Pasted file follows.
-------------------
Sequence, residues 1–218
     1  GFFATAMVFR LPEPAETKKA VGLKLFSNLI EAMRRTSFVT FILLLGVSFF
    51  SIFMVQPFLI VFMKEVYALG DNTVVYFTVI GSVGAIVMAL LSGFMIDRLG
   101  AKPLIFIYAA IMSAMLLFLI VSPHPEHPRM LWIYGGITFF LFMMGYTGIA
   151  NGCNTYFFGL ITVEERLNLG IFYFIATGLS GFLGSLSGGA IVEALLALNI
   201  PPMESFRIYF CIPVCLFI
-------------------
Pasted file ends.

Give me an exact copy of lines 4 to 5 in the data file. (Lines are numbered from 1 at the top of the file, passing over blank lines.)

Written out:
   101  AKPLIFIYAA IMSAMLLFLI VSPHPEHPRM LWIYGGITFF LFMMGYTGIA
   151  NGCNTYFFGL ITVEERLNLG IFYFIATGLS GFLGSLSGGA IVEALLALNI